Nick Payne’s avant-romcom remains infinitely brilliant.
There’s probably a universe somewhere – in fact there’s technically probably an infinity of universes - in which Nick Payne’s audacious multi-dimensional tragicomedy ‘Constellations’ simply didn’t turn out right. Director Michael Longhurst never worked out how to turn Payne’s script – which sees key moments in the lives of beekeeper Roland and scientist Marianne play out across a multitude of possible outcomes in a multitude of possible realities – into a fast-paced, bittersweet avant-romcom. Designer Tom Scutt never hit upon his striking, strangely moving idea of designing a set that’s nothing but fragile white balloons. And they were never lucky enough to score Rafe Spall and Sally Hawkins as the original stars, propelling this modestly leftfield show all the way to the West End.
This, however, is not that universe, and though Spall and Hawkins are now gone, the play and the production remain wonderful, and it’s great to have this – barely altered – touring edition pop into London for a month-long-run.
New leads Joe Armstrong and Louise Brealey are not the big stars that their predecessors were, and perhaps consequently offer earthier performances. I don’t believe I know any beekeepers, and suspect they’re not a bunch you can stereotype, but the blokey, awkward Armstrong fills the Roland role more believably than Spall did – there’s also a greater sense of the differences between him and Marianne, and consequently the unlikeliness of a universe in which the two of them became a couple. And the nerdy Brealey is a much more plausible scientist than the otherworldly Hawkins.
That said, it’s not a naturalistic production and the original leads chimed better with its air of swooping, stylised romance; it feels a little grittier now, but somehow a touch more conventional too. But let’s not disparage two excellent performances: Brealey in particular is superb and the play loses none of its power as the infinite possibilities start to converge upon one horribly inescapable outcome. If you’re not crying by the end in this reality, you will be in most of the others.
Average User Rating
3.1 / 5
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Constellations is a shot to the heart. Makes you wonder on the question 'if not now when, if not we who´ upon the ultimate quest of live: love. Both actors portray that quirky faultiness we are to embrace when facing the decision of accepting the other. The play, the script, the deep realm of anotherness that theatre as media confronts us with is brilliantly set and intertwined in this dramatic comedy. Nevermind bad reviews. To quote a graffitti in Valparaiso: "Capitalism Hates Love", and loves perfection I might add. This is not a perfect play. This is a play for us to love. For us to remember life before skin and face and tablets and can move back and forth between all possible parallel universes with the music of the humble, working bees.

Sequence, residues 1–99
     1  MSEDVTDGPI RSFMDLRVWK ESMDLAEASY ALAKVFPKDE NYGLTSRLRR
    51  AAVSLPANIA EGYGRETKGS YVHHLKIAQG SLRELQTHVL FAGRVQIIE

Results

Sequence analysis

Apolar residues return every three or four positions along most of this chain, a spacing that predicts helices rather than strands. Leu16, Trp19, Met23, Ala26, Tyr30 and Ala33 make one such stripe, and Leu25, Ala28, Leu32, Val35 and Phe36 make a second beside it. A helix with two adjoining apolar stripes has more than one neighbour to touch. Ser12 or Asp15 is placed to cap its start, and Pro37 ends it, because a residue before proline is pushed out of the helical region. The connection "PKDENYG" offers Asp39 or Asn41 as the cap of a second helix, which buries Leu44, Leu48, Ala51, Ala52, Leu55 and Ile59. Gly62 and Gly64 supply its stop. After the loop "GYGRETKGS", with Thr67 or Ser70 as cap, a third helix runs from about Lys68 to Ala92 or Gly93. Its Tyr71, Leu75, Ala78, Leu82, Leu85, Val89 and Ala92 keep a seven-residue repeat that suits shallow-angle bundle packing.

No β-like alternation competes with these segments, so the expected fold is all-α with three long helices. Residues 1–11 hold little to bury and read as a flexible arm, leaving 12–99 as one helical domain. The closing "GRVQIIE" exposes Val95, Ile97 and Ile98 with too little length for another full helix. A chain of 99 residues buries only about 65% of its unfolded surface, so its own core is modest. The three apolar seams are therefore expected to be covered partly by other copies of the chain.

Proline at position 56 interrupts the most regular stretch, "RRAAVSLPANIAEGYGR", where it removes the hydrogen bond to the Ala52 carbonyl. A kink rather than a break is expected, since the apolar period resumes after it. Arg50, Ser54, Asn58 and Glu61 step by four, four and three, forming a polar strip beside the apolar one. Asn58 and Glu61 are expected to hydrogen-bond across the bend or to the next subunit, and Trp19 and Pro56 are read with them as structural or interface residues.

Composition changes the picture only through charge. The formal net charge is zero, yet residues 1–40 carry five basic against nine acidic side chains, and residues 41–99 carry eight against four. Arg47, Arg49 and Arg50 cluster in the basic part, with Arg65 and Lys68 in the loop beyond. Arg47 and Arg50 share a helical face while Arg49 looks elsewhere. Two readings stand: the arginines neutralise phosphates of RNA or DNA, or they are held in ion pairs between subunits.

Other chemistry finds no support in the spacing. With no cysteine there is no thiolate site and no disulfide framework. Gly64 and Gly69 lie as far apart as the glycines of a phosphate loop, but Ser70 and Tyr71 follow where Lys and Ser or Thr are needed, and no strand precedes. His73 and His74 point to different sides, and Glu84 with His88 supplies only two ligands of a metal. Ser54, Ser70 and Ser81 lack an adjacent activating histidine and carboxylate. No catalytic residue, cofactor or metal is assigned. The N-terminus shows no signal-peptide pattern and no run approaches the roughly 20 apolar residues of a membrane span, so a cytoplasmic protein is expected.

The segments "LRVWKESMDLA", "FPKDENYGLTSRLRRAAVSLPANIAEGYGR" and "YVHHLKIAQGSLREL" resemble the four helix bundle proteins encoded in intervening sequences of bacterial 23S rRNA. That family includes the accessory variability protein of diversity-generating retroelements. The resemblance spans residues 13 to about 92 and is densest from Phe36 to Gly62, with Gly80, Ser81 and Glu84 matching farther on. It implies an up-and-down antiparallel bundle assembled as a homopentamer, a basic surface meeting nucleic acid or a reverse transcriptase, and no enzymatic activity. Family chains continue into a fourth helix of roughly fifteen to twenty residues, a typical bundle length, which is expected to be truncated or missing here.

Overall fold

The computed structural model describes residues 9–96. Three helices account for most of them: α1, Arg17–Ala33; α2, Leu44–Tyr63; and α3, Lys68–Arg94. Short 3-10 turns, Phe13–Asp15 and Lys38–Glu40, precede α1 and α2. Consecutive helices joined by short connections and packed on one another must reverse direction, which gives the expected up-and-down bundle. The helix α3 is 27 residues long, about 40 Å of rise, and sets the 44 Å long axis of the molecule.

Just brilliant - you must go and see this if you get a chance. I actually prefer this cast to the previous cast I saw a couple of years ago. The show is funny and incredibly touching. Simple but profound. Theatre at its absolute best.
I couldn't disagree with James B and JB more. I found this funny, intriguing and ultimately very moving. I thought Andrzej's review spot on: just how I felt. BUT on a second viewing I wasn't so convinced. The audience seemed to have the attention span of gnats and bladders the size of peas: so that was a (horrible) distraction. Perhaps once you've experienced the 'Sliding Doors' device it seems, well, a little mechanical. That said the performers still offered a masterclass in acting, which in itself was a treat to experience again.
Amateurish and plain boring - I left half way through together with another couple of similarly bored viewers. The show looked like a cheap student production at the Edinburgh Fringe. I also agree with the previous comment about the questionable judgment of the Time Out critic.
Totally agree with Carly Simmons and Alexander. Plus I could not empathise with the characters and didn't care what happened to either of them. Makes me concerned about the judgement of Time Out theatre critic to merit such mediocrity with a CC
Funny, poignant and utterly absorbing...this play enthralled me from start to finish. The acting was brilliant especially Sally Hawkins who made me laugh then made me cry...an emotional roller coaster of great writing and acting.
I got the parallel universes concept immediately. The play went on to show how this concept might be manifested with variations on a theme. Even though the play was short, the repetition of the variations was difficult to endure. I am sure that it was demanding for the actors. What a shame that the material is not worthy.
Great concept but that's where it ends. The dialogue isn't good enough to withstand several repetitions, and the relationship isn't particularly charming or engaging. Plus Sally Hawkins' obvious eating disorder made her acting uncomfortable to watch.